Cape Cod Divorce & Mediation, P.C.
Law Office of Chantal Hayes Rice, Esq.
Your Subtitle text

                          Is Mediation Right for Us?

Most couples can mediate their divorce if they set their minds to it.  When the reality of the expense and frustration of litigation sets in, many couples resort to mediation as an alternative. Determining whether mediation will work in your case will depend on several factors.  As a preliminary matter, communication and the willingness to work together is key.  If you and your spouse are ready, willing and able to discuss the issues in your case in an amicable manner then you are good candidates for mediation.  If communication is an ongoing problem in your marriage then mediation is not out of the question, however you and your spouse must be able to work well with the mediator.  In certain cases mediation is not advised.  Every couple's situation is different so it is important to discuss your marriage with the mediator during the initial consultation.  The mediator will let you know whether the mediation will be beneficial in your case.  In general, 8 out of 10 couples will be able to mediate their divorce if they are both willing to try. 

The following comparisons should be used as a general guide.  Some couples who have traits from both categories may still be able to mediate with appropriate safeguards in place.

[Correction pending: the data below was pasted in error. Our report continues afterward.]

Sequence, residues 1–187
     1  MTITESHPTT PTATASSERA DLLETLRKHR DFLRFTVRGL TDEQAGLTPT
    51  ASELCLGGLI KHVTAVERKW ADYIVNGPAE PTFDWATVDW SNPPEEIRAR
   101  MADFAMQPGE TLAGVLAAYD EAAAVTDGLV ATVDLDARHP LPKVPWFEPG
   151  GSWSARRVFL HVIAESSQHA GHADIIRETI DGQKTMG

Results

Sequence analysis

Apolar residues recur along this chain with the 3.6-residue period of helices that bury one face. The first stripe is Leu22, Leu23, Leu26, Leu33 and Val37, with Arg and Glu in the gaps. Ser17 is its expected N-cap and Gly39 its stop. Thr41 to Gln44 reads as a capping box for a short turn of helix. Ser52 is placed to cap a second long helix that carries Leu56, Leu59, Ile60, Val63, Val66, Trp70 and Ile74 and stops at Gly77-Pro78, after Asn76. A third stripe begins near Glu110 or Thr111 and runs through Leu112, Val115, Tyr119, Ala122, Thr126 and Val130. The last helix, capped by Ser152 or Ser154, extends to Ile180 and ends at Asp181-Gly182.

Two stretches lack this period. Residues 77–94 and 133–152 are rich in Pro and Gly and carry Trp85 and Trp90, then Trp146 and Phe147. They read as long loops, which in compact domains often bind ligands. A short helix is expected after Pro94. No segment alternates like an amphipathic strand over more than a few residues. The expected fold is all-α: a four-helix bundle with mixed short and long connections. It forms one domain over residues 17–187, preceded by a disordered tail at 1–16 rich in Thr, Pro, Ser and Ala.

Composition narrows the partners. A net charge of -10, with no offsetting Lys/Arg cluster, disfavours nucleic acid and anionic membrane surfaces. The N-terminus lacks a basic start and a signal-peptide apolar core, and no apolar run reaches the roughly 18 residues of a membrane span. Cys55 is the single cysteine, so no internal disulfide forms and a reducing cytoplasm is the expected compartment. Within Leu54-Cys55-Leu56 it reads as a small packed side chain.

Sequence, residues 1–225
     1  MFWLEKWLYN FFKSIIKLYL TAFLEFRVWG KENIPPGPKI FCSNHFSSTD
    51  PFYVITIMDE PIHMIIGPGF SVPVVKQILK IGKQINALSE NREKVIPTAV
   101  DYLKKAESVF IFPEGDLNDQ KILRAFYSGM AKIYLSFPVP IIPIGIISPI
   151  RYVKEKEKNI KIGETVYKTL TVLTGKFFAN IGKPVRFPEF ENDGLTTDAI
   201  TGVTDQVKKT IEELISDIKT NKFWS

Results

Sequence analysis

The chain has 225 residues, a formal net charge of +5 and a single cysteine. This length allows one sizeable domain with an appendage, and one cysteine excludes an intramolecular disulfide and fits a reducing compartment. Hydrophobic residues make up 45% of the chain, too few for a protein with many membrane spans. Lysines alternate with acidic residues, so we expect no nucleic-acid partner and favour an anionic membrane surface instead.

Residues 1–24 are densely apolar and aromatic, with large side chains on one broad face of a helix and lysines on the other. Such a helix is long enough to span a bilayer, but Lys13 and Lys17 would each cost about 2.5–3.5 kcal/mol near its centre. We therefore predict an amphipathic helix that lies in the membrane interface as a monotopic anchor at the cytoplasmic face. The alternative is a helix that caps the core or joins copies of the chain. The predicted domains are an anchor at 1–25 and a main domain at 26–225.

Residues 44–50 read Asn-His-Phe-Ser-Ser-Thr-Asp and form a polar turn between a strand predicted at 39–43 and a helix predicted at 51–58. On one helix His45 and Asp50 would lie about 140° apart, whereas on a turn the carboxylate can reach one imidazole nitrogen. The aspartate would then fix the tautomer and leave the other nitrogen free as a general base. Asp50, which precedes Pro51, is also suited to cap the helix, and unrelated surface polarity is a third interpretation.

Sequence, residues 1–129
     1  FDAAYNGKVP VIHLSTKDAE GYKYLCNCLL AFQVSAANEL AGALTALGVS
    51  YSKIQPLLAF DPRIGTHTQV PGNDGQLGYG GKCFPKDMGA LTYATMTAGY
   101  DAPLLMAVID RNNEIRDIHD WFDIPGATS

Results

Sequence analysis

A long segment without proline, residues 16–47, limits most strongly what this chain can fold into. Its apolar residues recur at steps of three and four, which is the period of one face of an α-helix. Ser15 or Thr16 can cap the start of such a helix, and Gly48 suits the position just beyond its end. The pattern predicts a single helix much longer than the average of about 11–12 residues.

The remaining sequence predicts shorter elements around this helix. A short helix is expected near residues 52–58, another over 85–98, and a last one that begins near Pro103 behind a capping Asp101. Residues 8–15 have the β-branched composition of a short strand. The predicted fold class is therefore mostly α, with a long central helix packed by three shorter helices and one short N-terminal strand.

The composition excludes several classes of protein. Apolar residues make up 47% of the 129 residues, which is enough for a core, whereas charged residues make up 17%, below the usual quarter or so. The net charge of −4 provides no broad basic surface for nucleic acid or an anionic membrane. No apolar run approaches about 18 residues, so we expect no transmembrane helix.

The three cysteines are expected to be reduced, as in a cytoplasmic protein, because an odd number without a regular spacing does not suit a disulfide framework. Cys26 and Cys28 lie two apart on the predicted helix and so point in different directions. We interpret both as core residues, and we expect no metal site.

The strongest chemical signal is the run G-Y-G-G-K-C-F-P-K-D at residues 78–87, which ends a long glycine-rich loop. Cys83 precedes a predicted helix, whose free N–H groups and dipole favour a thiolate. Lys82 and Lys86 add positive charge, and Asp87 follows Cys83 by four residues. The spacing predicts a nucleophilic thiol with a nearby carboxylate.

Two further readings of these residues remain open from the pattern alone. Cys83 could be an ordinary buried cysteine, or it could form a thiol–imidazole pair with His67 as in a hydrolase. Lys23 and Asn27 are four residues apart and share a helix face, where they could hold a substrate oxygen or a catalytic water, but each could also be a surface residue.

• when both parties recognize that the marriage is over and they want to divorce in an amicable manner.
  • when the couple has good communication.
  • when both parties are willing to mediate.
  • when the parties are able to maintain a status quo during the divorce process.
  • when there is no restraining order in place and/or there is no history of domestic violence between the parties.
  • when the couple agrees to put aside their differences to work together.
  • when the couple wants an amicable and fair arrangement.
  • when the parties want to preserve the family relationship and minimize conflict for the sake of their children.
  • when parties want to save money.
  • when both parties recognize that a contested litigation is not in their best interest.


  • If there is a history of domestic violence between the parties and/or a restraining order is in place
  • One spouse is known to be dominating over the other.
  • If the parties cannot agree to work together and feel they want to fight.
  • When one spouse wants to mediate and the other adamantly refuses.
  • When one spouse is blaming the other for the divorce and is unable to separate his or her feeling from working out a settlement.
  • When one or both spouses are angry and bitter against the other affecting his or her ability to cooperate
  • When there is a history of psychological, verbal or physical abuse.
  • When one party has a substance use issue and cannot be sober or clean enough to participate in mediation sessions.
  • When one party is easily manipulated by the other.


Website Builder